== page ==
This week: The mental health benefits of childhood dog ownership, animal-testing-free cosmetics sales now the law in California, and the American Kennel Club recognizes two new breeds.
This week: A surprising new survey reveals the type of pet who makes kids happiest, service dogs who wash out of basic training are available to good homes, and the Paris Aquarium offers a toilet-free alternative to getting rid of unwanted goldfish.
Who knew eating peas could be trendy? Last July, the US Food and Drug Administration (FDA) announced that it was investigating a potential link between heart disease in dogs and the consumption of grain-free pet food.That announcement set off a firestorm of confusion and (often) misinformed debate among those who advocate for unconventional diets such as grain free, raw, home prepared, vegetarian, and boutique commercial pet foods.
In July 2018, the US Food and Drug Administration (FDA) announced that it was investigating a potential link between heart disease in dogs and the consumption of grain-free pet food. The FDA last week released an update on their investigation. And this time, they named names.
This week: Arizona greenlit for new veterinary college and testing on early detection of canine cancer. Plus, 1 woman, 1 van, and . . . 300 rats.
This week: Inaugural class at new veterinary school could get sent home come September, tracking baby turtles from the International Space Station, and would you like a lost-pet flyer with that pizza?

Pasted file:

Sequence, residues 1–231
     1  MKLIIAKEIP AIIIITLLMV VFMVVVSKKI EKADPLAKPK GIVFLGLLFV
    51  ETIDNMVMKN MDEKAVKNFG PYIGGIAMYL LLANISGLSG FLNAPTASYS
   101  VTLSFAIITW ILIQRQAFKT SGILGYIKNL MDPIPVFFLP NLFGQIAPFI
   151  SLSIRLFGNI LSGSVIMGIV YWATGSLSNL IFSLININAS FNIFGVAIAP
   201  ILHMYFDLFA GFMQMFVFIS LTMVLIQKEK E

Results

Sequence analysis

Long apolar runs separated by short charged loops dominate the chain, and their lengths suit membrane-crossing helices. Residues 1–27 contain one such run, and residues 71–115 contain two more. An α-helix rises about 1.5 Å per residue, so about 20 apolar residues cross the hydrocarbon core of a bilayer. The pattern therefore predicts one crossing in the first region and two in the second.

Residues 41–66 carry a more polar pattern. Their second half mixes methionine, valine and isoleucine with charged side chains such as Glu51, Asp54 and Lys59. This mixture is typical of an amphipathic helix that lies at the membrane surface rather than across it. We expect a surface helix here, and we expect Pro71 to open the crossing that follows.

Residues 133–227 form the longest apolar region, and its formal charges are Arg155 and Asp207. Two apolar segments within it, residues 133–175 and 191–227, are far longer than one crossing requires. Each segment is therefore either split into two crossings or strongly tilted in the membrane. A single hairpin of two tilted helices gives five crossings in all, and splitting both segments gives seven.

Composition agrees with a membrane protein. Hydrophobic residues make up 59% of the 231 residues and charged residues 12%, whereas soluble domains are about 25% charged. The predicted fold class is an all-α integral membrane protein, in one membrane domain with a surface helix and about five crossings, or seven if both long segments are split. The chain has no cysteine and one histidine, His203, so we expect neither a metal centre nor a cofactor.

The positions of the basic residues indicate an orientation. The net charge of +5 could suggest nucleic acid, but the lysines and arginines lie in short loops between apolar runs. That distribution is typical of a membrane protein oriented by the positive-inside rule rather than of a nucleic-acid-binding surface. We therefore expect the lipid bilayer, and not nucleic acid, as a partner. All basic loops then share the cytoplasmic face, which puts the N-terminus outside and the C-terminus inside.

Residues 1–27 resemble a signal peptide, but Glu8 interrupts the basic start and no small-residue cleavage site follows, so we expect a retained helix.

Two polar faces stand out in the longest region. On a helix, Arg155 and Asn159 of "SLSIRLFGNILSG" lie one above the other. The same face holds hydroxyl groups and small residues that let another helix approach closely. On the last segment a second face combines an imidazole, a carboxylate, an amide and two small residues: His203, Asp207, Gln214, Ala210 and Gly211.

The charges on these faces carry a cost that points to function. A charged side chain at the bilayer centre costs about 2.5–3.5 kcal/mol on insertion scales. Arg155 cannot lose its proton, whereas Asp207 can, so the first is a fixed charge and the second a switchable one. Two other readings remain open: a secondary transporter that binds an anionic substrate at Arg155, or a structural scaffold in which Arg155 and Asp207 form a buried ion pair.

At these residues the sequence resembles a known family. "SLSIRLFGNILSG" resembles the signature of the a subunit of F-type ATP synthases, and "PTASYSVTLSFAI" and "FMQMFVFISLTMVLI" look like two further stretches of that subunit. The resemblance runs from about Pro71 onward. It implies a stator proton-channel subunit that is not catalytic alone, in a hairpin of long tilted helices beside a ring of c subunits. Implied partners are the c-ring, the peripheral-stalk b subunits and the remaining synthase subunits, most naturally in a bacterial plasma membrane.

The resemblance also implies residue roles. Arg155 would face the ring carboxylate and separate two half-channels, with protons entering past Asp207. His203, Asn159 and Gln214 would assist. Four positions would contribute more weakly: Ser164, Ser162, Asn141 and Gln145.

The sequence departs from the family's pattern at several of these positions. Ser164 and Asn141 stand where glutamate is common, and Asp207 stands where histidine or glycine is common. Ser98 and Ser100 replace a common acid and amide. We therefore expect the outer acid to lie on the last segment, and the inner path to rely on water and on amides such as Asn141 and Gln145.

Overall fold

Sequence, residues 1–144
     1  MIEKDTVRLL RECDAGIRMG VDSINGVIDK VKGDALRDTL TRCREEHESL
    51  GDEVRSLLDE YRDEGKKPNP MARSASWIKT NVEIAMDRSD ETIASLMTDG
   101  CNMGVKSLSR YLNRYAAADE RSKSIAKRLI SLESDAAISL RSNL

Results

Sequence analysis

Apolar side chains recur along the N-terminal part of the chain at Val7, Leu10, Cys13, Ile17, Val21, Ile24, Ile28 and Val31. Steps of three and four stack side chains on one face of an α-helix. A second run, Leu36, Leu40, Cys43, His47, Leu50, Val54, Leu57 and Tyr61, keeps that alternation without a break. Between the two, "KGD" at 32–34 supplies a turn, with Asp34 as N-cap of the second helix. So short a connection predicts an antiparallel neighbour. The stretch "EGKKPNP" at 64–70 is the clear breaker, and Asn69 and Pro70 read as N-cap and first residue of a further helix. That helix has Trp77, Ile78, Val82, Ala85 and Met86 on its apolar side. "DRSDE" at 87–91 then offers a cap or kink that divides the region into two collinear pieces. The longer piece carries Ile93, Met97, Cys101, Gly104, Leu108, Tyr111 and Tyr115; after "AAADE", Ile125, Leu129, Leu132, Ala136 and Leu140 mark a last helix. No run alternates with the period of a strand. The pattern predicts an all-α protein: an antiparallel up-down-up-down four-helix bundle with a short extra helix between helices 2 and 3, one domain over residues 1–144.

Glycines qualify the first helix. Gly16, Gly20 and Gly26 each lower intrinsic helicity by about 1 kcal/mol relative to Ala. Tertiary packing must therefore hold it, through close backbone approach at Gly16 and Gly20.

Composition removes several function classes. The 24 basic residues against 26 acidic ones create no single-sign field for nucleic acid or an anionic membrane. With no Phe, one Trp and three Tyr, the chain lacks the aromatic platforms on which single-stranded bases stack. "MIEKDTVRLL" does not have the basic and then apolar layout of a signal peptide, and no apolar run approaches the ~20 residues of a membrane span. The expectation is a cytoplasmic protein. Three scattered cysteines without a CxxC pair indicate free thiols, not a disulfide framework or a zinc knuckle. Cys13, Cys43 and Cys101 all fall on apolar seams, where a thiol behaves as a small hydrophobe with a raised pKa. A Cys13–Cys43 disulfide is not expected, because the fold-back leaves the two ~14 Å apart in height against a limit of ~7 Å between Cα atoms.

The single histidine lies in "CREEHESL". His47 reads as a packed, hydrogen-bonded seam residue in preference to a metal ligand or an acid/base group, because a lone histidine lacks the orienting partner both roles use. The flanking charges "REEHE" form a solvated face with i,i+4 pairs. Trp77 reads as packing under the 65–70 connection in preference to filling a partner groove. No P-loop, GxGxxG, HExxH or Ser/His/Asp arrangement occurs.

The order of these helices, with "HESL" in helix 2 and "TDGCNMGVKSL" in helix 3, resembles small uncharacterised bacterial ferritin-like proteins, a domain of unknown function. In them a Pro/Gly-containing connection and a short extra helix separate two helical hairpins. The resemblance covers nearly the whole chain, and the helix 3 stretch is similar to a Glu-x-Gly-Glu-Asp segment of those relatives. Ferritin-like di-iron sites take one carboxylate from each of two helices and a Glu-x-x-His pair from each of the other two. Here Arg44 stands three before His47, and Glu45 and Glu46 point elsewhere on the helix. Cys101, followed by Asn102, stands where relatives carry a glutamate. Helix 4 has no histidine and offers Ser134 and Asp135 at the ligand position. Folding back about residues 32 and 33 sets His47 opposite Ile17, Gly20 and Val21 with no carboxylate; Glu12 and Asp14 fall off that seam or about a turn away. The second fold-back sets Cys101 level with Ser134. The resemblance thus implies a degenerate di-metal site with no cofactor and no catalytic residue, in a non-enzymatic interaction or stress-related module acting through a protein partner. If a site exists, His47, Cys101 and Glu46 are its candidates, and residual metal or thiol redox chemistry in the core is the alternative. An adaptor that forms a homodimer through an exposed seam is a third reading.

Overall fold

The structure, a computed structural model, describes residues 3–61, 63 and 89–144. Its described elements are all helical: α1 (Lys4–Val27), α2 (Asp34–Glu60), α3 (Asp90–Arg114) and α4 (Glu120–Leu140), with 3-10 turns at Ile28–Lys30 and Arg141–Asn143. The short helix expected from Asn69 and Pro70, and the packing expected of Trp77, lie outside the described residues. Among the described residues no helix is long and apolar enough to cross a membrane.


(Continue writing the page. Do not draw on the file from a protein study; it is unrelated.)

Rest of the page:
A new study by researchers at the University of Pennsylvania’s Perelman School of Medicine and the School of Veterinary Medicine reviewed all opioids dispensed at the veterinary school for from January 2007 through December 2017. The findings show that prescriptions rose 41% annually, while the number of patient visits rose only 13%.The researchers found the ratio worrisome.
This week: World’s first cloned cat still going strong, beware CBD products that leave out the CBD, and a cat thief thoughtfully leaves owner a note from the cat’s perspective.
Surgery to treat herniated discs in dogs can cost up to $12,000 and result in weeks of painful recovery for the patient . A clinical trial at Texas A&M is testing a nonsurgical outpatient treatment that is far less expensive and less invasive.
As we kick off a new year, let’s take a look back at our top stories from 2021.